Heat Pump Heating Reminders w/ Bert
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A heat pump reverses the refrigeration cycle, making the indoor unit the condenser and the outdoor unit the evaporator. A reversing valve shifts the flow and turns the suction line into the discharge line and vice versa (though there are some runs of common suction and discharge lines). The liquid line stays the same in heat mode, but the flow direction changes. Trane systems have somewhat unique configurations, though.
The discharge line, suction line, liquid line, and saturation suction temperatures can give you a pretty good idea of how a heat pump is running. In general, the discharge line temperature should be 100-110 degrees above the outdoor temperature. The suction line should be 5-15 degrees colder than the outdoor temperature, and the liquid line should be 5-15 degrees warmer than the indoor temperature. The suction saturation temperature will typically be 20-25 degrees below the outdoor temperature.
Common issues with heat pumps come from the auxiliary heat. Not all thermostats are compatible with multi-stage heating, including the heat strips. Other times, the auxiliary heat wasn’t set up properly in the first place despite being wired into a compatible thermostat. The thermostat can send the call on the heat strips immediately if you activate emergency heat, but it can also call for emergency heat if the setpoint is high enough. To find out if the heat strips are actually calling, take the amp draw on your high voltage wires (240v into the air handler).
It’s usually easy to prove heat kit failures (such as by looking for open safeties). While it’s usually acceptable to quote the whole heat kit for replacement, we need to make sure we know which problem we’re solving. We have to address underlying problems, like airflow problems.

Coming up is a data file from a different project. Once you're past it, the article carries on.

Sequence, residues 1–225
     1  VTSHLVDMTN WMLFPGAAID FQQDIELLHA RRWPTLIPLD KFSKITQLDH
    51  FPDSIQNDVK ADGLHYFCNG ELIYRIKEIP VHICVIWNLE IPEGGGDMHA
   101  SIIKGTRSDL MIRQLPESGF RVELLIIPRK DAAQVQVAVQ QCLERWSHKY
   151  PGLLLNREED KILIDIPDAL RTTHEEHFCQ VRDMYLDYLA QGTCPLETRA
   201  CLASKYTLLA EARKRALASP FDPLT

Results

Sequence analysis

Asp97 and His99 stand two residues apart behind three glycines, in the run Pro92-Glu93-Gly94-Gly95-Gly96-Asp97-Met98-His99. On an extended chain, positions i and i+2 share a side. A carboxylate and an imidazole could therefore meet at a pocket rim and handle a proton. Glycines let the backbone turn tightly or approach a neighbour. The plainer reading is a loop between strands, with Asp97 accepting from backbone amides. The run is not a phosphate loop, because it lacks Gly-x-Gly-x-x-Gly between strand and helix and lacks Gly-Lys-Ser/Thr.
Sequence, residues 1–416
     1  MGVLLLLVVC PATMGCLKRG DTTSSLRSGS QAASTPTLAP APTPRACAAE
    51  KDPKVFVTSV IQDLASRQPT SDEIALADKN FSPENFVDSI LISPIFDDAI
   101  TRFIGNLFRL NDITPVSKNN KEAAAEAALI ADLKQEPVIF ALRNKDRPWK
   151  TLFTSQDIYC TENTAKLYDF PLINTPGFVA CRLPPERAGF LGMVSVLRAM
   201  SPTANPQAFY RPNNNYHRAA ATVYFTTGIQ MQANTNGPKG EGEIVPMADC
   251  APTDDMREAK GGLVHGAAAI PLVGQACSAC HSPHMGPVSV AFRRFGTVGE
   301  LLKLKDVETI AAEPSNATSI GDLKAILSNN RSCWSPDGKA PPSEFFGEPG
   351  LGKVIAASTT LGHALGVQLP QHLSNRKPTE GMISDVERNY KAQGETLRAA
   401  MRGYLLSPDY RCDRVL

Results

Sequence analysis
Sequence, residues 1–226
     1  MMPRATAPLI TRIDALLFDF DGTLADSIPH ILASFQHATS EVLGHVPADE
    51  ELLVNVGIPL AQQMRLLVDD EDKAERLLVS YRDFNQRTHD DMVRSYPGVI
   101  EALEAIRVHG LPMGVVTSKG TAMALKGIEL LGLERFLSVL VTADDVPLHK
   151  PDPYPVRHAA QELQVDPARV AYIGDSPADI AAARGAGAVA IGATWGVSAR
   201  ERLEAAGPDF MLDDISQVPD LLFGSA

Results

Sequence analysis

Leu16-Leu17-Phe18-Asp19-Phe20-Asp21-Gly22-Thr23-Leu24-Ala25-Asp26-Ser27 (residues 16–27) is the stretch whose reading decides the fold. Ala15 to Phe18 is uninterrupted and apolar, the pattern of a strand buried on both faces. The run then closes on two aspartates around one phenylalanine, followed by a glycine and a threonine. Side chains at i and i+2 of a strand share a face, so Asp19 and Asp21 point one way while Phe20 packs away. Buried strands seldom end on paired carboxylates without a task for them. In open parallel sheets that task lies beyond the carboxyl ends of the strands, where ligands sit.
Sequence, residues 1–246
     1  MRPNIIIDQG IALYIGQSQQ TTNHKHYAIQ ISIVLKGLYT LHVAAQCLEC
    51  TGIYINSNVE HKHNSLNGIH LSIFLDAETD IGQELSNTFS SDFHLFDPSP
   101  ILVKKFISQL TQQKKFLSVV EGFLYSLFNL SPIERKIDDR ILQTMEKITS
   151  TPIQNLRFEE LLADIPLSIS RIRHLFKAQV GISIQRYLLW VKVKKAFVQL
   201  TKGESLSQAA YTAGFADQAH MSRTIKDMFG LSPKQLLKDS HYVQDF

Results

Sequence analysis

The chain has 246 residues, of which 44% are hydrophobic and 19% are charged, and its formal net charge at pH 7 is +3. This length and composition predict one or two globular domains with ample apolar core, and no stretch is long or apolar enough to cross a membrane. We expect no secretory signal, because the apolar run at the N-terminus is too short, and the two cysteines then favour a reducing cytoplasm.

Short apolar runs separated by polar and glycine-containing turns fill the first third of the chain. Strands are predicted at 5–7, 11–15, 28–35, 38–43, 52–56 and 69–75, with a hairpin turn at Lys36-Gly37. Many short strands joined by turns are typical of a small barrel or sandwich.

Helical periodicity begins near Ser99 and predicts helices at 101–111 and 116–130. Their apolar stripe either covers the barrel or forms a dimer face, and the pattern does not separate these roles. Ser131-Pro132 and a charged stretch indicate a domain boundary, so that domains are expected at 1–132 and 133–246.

Airflow has a huge effect on the heat pump when it’s in heat mode. The blower needs to be set up to handle multi-stage heating; if the blower can’t hit the high stage, the system might go out on high pressure due to the buildup of heat and pressure. You also need to be checking the filter and whether your coil is clean outside.
When setting the charge, it’s best to recover the refrigerant, weigh it, and add it back in with the required additions or subtractions. You can also use the HVAC School calculator to see if you need to add a different amount of refrigerant than the factory charge due to line lengths. On a heat pump, we charge the system through the common suction port when the system is running.
Bert also answers questions from the class and finishes by instructing the class to start with what they know first: the main rules of thumb, checking if the air filter is dirty, etc.
Please check out this class for more information on heat mode: https://www.youtube.com/watch?v=IoBiyEpaZAw&t=390s&ab_channel=HVACSchool
We recommend reading Craig Migliaccio’s book as an additional resource: https://www.acservicetech.com/ac-book